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3 Cybersecurity Myths About Cloud as a Service

     

Depending on whom you ask, confidence in cloud-as-a-service security is either falling or rising. Clearly, there is a wide range of opinions and more than a little misinformation. There’s often a lot of fear, uncertainty, and doubt about cloud and cybersecurity. What is clear is that cloud adoption continues to increase unabated, with a survey from professional IT network Spiceworks concluding that 93 percent of organizations are using at least one cloud service.

While adoption grows, there are several persistent misconceptions about the cloud that persist among those who have yet to take the leap. To enable those organizations considering a move to cloud services, here are three cybersecurity myths about cloud services that can be put to rest.

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Myth #1: Customers in the same cloud can access each other’s data or attack one another more easily.

Multi-tenant clouds have been dogged with this myth since the inception of public cloud services. The truth is that while some tiers can share resources, there are clear security systems in place to prevent any cross-tenant access. Many businesses choose service tiers that enable them to have dedicated infrastructure so that there is no sharing. A dedicated environment using a hosted virtual private cloud is yet another alternative. Private clouds allow for both logical and physical separation of resources, which closely mirrors what an infrastructure would look like on premises.

Myth #2: The cloud makes you more susceptible to cyber (external) internet threats.

Cybersecurity is about constantly staying several steps ahead of hackers, which makes this myth look potentially true. However, cloud-as-a-service providers have the resources to deploy and maintain state-of-the-art security technology and employ the world’s leaders in cybersecurity to avoid breaches in the cloud.  

According to Gartner, Inc., public-cloud infrastructure-as-a-service workloads will suffer at least 60 percent fewer security incidents than those in traditional data centers through 2020. Additionally, the 60 percent of enterprises that implement appropriate cloud visibility and control tools will experience one-third fewer security failures by 2018.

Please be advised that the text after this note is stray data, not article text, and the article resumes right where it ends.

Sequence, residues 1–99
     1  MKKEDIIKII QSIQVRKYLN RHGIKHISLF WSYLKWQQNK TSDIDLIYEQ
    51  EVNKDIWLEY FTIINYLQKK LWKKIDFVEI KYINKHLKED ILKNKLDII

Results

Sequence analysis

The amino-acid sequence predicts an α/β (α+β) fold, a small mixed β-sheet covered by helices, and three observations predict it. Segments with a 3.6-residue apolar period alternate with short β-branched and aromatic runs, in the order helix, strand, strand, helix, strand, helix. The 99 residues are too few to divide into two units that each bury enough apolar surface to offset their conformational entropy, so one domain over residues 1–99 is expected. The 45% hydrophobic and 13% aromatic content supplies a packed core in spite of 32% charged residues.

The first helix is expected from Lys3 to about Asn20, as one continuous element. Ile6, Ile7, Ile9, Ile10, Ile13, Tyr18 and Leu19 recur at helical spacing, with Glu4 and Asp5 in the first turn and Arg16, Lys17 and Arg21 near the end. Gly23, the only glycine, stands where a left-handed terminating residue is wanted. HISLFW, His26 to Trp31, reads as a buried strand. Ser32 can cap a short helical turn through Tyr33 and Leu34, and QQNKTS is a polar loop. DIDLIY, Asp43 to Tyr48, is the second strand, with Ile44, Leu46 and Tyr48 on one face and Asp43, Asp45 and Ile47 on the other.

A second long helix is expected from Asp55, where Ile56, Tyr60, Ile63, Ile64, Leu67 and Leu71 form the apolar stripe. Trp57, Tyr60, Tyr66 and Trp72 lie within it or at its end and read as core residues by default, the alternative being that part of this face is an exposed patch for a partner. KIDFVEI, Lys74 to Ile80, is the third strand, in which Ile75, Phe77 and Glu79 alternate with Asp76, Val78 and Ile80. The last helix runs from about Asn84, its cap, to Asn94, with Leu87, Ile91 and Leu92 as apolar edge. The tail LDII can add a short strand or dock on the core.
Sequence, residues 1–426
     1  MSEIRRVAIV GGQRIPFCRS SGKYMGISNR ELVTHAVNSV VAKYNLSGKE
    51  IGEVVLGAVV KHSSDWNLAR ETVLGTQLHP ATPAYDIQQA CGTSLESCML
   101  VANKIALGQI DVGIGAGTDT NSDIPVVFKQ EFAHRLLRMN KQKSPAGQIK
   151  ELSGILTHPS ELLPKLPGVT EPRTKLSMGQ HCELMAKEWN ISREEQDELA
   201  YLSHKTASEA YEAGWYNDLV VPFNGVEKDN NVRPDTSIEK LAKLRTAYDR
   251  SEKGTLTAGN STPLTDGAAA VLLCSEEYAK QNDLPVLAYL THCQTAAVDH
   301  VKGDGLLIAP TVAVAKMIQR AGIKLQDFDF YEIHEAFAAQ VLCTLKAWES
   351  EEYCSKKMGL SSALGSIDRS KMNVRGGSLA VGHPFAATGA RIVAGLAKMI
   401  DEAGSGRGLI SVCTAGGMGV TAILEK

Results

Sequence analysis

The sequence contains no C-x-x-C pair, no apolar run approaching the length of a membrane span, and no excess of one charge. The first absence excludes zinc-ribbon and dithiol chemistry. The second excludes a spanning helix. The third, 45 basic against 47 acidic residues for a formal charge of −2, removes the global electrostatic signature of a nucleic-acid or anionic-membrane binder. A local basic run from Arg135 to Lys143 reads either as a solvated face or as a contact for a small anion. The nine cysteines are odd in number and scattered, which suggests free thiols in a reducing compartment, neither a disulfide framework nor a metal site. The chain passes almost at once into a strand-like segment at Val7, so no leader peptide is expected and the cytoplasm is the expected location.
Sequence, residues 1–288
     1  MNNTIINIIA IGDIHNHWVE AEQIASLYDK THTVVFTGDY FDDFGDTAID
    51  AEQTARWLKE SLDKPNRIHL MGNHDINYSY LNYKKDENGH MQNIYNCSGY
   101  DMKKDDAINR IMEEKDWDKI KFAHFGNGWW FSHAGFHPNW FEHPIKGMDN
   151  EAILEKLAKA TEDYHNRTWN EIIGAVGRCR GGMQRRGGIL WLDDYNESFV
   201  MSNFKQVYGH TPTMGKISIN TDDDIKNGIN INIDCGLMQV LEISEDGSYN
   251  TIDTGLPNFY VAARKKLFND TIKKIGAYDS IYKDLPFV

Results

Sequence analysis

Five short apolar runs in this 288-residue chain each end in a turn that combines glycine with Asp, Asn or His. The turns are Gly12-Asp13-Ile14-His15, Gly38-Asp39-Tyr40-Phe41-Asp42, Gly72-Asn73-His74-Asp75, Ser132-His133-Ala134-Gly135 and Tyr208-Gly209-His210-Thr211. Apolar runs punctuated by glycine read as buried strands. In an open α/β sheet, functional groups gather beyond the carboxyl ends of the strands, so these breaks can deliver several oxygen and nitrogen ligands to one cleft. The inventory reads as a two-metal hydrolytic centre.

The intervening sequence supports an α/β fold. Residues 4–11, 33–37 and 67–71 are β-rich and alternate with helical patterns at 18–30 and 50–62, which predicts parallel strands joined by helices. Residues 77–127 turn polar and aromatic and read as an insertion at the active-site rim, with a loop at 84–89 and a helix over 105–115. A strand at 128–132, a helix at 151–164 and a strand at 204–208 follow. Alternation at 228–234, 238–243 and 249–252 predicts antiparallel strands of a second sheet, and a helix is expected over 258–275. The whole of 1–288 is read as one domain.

These cloud security control tools are enabling both providers and in-house staff, as well as consulting IT teams, to have constant access to a massive amount of data. This includes network updates, host information, and serverless processing events that are all made available via the cloud provider’s application programming interfaces (API). This is a major improvement over current network discovery processes that are often limited in scope.

This enables the proactive detection of emerging threats locally and globally that can be addressed before the issue gains traction. Across both security and compliance, leading providers of cloud virtualization services invest massive amounts of resources that exceed what any one individual organization can realistically deploy.

Myth #3: You lose control of security in the cloud (believing that the cloud provider is responsible for security).

It’s natural for IT decision-makers to take the position that their internal teams can better safeguard against cyberattacks when the data center is under their roof, so to speak. This is, again, a matter of perception. The fact is, a reputable cloud provider spends 100 percent of its time dedicated to data storage, management, maintenance, and—most of all—security. In addition to a myriad of physical and technological security tools and practices, cloud-as-a-service providers ensure sophisticated data encryption measures where the client is the key holder.

The Facts and Future of Cloud-as-a-Service Cybersecurity

Cybersecurity concerns are certainly real, but it’s important to differentiate between concerns and unfounded perceptions. Having the support in developing a comprehensive cloud privacy and security approach is key to addressing and ultimately overcoming these false perceptions. This enables your enterprise to address every concern and put proven methodologies in place to ensure that they have the right mix of control and agility with the highest level of cybersecurity measures.

Emerging cybersecurity developments, including blockchain and machine learning/artificial intelligence (AI), are also increasing cybersecurity measures with cloud-as-a-service providers. Blockchain works by eliminating the vulnerability of a central data authority through a decentralized record. AI in cybersecurity enables intelligent IT systems to instantly react to and learn about new threats and the best responses.

Today’s cloud-as-a-service providers work in partnership with leading IT consulting firms to:

  • Utilize the latest tools and technologies to look across all their customers and connections to observe security patterns

  • Perform transactional monitoring

  • Constantly learn what unusual activity on their platform looks like

This enables a proactive approach to cybersecurity in the cloud so that vital data are protected. The future of cloud as a service will be written by the leading cloud vendors and IT consultants that develop and maintain truly global, trusted, hybrid platforms. This is based on a services model of anticipating threats rather than responding to them.

Learn more about Centrinet’s cloud solutions and how they can keep your organization safe from a cyberattack by requesting an assessment.

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